SRMB Udyog Limited through its Marketing Manager Sri Sunil Kumar Vs. Atibir Hitech (Ret) Limited and Sri Durga Steel

NLS 16/05/2007/DGN/Jhar.

SRMB Udyog Limited through its Marketing Manager Sri Sunil Kumar
Vs.  Atibir Hitech (Ret) Limited and Sri Durga Steel

NLS 16/05/2007/DGN/Jhar.

M.A. No. 19 of 2007

Ramesh Kumar Merathia, J.

Head Notes:

  1. If Both parties using registered designs; Minor similarity not a ground for grant of injunction;
  2. Balance of convenience and preferable loss proved in favour of defendants.


  1. This appeal has been filed against the order dated 23.12.2006 passed by the District Judge, Deoghar in Title Suit No. 3 of 2006 rejecting the application filed on behalf of the plaintiff-appellant for injunction under Order XXXIX Rules 1 and 2 of the Code of Civil Procedure.
  2. The appellant-plaintiff filed a suit along with an injunction petition in the court of the learned District Judge, Deoghar, inter alia, for declaration that the plaintiff is the owner of the design bearing No. 191744 and holds the copyright in the said design; and for permanent injunction restraining the defendants etc, from in any way infringing with the said design.
  3. The plaintiff’s case in short is that it got the said design registered on 4.4.2003 and was using the same. The plaintiff learnt in July, 2006 that defendant No. 1 is selling rod with the said x-rib design through defendant No. 2. The defendants have been infringing and passing of the said registered design by selling rods in the market with the said design. Due to which, plaintiff is suffering huge loss, which cannot be quantified in terms of money. Defendant No. 1 filed its objection to the injunction petition. It’s case, inter alia, is that the defendants are manufacturing and selling the rods as per the design registered in their favour being Design No. 202344 on 16.12.2005. After hearing the parties, by the impugned order, the learned District Judge rejected such prayer of injunction.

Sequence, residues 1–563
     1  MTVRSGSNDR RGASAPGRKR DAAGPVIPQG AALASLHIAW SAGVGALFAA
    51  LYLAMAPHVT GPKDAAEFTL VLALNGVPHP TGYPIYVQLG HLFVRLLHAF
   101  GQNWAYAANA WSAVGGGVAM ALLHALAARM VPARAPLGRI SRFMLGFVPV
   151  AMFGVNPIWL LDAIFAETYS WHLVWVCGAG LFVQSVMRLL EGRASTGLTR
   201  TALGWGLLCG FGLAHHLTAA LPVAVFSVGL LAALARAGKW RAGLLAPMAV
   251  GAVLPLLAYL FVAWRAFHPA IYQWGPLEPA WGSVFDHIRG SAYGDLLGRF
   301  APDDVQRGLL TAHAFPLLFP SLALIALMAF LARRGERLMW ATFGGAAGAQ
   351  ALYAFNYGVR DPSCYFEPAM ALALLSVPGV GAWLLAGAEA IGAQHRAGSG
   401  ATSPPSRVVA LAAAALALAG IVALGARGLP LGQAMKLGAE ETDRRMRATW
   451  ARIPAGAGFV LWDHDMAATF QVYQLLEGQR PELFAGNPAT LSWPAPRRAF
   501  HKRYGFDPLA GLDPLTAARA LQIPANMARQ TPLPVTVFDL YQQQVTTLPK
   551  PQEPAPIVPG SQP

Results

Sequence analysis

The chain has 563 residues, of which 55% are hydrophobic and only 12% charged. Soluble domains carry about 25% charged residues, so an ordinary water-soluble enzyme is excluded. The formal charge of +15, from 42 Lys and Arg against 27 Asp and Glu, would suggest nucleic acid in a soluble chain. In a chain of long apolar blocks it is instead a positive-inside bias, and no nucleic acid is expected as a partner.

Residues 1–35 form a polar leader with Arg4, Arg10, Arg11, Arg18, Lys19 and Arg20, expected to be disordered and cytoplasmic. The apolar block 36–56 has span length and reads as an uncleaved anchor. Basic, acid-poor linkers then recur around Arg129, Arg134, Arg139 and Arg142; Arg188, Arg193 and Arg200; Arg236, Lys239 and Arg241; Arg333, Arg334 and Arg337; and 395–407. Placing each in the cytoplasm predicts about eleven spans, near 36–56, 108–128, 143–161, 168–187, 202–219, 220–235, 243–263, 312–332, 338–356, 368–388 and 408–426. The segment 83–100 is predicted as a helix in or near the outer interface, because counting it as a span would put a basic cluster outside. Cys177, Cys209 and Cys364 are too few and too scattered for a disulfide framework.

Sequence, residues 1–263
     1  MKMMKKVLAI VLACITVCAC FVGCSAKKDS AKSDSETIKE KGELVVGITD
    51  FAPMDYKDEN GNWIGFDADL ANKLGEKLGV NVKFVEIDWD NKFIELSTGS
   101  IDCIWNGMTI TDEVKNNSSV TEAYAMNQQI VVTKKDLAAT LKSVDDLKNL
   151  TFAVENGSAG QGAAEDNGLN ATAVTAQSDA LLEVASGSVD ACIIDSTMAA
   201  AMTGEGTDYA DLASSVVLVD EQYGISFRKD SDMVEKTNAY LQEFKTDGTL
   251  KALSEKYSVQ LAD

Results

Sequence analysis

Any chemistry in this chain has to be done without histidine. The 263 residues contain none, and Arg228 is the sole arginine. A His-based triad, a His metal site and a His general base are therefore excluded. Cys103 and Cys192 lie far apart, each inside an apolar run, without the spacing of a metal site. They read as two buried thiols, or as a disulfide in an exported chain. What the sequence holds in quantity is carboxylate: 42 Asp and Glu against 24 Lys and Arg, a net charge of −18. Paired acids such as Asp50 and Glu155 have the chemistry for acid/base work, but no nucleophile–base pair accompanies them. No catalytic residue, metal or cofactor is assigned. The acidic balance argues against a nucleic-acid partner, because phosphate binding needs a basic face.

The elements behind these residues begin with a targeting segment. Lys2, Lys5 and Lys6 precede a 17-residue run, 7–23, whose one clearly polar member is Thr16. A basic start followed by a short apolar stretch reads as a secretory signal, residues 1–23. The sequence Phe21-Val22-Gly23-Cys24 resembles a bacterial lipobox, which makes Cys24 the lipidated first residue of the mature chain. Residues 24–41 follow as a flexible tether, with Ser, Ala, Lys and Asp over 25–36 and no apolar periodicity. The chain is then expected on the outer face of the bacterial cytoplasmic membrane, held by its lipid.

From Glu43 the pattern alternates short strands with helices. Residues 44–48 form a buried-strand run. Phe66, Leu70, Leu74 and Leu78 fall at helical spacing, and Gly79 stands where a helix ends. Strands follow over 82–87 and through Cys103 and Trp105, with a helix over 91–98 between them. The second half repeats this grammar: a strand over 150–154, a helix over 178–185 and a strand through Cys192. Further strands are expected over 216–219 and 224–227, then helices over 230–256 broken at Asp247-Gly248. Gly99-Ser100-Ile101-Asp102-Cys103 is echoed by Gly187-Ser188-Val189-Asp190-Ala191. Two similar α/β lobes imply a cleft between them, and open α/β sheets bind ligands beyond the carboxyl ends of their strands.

4. Mr. Sayantan Basu, learned Counsel appearing for the plaintiff appellant submitted as follows:

“ The findings of the learned District Judge will show that there is deceptive similarity in the design of the plaintiff and the defendant No. 1. The learned District Judge should have prima facie gone into the grounds taken by the defendant No. 1 in its petition under Section 19 of the Designs Act, 2000 (for short “the Act”) filed before the Controller and also the bona fides of defendant No. 1, before refusing injunction. He mainly relied on Metro Plastic Industries (Regd) v. Glaxy Footwear, New Delhi 2000 PTC 1.”

  1. Mr. Gautam Chakravarty, learned Senior Advocate, appearing for the defendants respondents, submitted as follows: